Facebook Insights — My Favorite KPIs (as of Dec-2011)
This is the last post in an informal 3-part series covering what Mike Amer, a fellow analyst at Resource Interactive, and I have arrived at when it comes to understanding and using the latest release of Facebook Insights. In this post, I’ll cover what metrics we’re generally gravitating towards as effective ways to measure the performance of a Facebook page.
As many, many, many people pointed out before the latest update to Facebook Insights, Page Likes (or “fan count”), while easy to measure, is not a particularly meaningful metric. As John Lovett would say, it is simply a “counting metric.”
Below are the metrics I’m gravitating to these days as KPIs for a page:
- Reach and Impressions – pick one or the other, but, if one of your goals for Facebook is to gain exposure for your brand, these are much better measures of exposure than Page Likes. If you’re running Facebook media, you may want to use Organic Reach (or Impressions) to measure the exposure you’re generating through non-paid means while the ads or Sponsored Stories are running (this will undercount the overall exposure slightly, as some of your viral reach is from non-paid activity, but there simply is no way to really tease that out)
- Engaged Users – if one of your goals for Facebook is to foster dialogue with users, then engaged users is a good measure, because it is a measure of how many people took any actual action related to your page (regardless of whether it “generated a story”); again, if you’re running paid media, you may want to adjust this metric by subtracting out New Page Likes from Ads.
- Average Post Engagement Rate – this is a second potential KPI for the goal of fostering dialogue with users; you have to get this from the post-level data, but it is simply a matter of dividing the number of engaged users by the total reach of the post and then averaging this for all posts in the reporting period. This metric does not need to be “adjusted” when paid media is running. It is also a metric for which a page owner really can take direct action to affect by analyzing the virality of the individual posts in the reporting period and developing hypotheses as to what made the posts with the highest/lowest engagement rates different from each other (type of post, time of day, day of week, content, etc.). Those hypotheses can then be tested with subsequent posts to see if they are validated.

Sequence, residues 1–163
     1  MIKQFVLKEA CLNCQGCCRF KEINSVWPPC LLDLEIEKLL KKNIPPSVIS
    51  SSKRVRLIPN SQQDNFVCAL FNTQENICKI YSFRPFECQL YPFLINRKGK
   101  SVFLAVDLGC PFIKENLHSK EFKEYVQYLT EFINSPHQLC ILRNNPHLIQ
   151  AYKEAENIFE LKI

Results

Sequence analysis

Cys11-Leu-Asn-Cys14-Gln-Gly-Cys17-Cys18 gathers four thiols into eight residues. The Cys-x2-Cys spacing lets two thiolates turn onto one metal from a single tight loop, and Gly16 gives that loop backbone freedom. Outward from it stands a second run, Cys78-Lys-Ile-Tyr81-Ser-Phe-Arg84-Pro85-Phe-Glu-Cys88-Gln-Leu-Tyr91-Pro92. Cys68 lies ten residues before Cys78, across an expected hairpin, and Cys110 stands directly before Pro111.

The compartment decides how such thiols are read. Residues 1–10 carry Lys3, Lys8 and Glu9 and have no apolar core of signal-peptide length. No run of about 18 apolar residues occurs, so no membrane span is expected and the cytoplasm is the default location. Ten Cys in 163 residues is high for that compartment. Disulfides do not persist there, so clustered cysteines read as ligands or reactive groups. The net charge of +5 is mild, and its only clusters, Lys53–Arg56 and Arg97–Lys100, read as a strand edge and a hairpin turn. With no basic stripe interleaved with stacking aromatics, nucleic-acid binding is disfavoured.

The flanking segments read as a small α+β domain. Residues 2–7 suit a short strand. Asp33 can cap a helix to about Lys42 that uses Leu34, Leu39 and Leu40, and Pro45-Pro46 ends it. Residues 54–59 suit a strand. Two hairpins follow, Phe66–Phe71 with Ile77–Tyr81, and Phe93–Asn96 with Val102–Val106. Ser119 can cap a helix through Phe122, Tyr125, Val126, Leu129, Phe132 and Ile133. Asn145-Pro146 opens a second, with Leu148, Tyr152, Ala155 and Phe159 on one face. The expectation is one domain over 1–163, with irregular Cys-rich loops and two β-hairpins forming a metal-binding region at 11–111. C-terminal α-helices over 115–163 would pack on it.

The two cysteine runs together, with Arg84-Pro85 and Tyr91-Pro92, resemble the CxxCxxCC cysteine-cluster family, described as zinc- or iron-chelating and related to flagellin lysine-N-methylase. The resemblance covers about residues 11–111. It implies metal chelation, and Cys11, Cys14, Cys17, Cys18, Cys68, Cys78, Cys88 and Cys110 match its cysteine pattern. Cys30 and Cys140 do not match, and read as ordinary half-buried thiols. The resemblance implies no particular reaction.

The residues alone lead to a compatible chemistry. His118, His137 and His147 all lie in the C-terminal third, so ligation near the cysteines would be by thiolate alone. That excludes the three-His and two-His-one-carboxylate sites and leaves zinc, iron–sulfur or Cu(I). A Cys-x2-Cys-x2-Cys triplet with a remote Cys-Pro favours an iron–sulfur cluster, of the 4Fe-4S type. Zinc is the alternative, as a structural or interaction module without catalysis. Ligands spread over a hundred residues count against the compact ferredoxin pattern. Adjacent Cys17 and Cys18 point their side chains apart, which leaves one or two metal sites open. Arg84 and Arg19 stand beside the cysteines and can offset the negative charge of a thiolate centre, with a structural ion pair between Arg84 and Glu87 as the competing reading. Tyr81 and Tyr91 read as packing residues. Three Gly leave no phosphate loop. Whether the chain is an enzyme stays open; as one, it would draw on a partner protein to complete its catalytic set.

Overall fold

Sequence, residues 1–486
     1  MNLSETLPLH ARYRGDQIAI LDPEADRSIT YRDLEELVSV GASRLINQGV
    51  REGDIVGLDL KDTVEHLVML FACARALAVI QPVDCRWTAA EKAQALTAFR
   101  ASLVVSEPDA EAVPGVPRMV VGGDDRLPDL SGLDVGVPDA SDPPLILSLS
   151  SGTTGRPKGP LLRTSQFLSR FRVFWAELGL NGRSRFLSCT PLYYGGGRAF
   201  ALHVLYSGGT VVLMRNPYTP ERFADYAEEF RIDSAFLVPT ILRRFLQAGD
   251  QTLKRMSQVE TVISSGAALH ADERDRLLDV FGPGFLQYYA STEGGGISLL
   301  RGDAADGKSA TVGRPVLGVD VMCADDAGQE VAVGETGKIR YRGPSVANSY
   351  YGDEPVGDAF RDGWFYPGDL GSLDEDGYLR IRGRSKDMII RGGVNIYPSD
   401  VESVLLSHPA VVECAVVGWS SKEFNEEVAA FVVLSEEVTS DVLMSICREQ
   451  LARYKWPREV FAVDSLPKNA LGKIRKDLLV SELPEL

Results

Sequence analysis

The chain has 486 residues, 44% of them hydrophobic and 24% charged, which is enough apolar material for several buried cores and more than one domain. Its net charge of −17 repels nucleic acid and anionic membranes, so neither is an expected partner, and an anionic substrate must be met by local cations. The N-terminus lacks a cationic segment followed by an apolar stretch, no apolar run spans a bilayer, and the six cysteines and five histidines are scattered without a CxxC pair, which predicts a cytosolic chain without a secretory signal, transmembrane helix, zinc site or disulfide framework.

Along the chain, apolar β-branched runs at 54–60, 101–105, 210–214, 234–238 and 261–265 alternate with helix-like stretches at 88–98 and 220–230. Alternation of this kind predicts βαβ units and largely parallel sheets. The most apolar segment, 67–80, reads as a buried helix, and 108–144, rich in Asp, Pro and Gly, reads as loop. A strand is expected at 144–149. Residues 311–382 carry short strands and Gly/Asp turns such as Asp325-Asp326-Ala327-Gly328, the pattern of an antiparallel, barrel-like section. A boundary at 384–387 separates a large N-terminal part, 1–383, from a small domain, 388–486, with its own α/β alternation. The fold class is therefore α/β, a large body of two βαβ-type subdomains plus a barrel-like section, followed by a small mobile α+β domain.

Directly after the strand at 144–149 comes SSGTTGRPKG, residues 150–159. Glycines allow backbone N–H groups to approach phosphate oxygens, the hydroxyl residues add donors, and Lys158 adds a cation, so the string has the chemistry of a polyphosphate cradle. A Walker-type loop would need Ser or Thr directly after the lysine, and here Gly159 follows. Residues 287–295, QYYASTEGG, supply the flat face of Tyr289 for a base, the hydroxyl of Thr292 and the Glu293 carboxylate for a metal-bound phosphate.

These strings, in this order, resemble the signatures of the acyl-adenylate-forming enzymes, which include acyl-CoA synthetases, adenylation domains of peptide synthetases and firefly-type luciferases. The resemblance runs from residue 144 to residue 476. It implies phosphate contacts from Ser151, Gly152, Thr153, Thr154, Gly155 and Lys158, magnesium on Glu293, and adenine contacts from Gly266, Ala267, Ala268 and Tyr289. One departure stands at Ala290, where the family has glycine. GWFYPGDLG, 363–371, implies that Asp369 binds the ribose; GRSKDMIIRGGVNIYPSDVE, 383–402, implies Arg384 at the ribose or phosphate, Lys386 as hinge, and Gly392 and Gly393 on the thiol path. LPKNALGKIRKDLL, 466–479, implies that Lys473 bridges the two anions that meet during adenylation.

- People Talking About or Stories Generated – if you are aiming for your users to spread the word about your page through their social graph, then these are KPIs to consider. Keep in mind that a person who generates a story by liking your page is producing a much broader reaching “story” than a person who simply comments on a page post. And, as with Engaged Users, subtracting out New Page Likes from Ads when you’re running paid media will give you a better picture of the non-paid results from the page in the same time period (although there will still be some spillover impact that is not currently possible to eliminate).
- Average Post Virality – Facebook reports the “virality” of any single post as the number of people talking about the post divided by the reach of the post. It’s a good metric, if something of a misnomer, because “Virality” is really “potential virality but minimal real virality due to Facebook’s EdgeRank algorithms…unless the post is a Facebook Question.”
It’s pretty easy to engineer much more involved metrics by diving into the organic, viral, and paid breakouts…but then you wind up with metrics that are hard for the typical business user to understand.
That’s our take. What metrics are you finding most useful with the new Facebook Insights? What measures are you least able to get that you wish Facebook would add (for me, it’s the ability to break out “viral” metrics into “triggered by paid media” and “not triggered by paid media”)?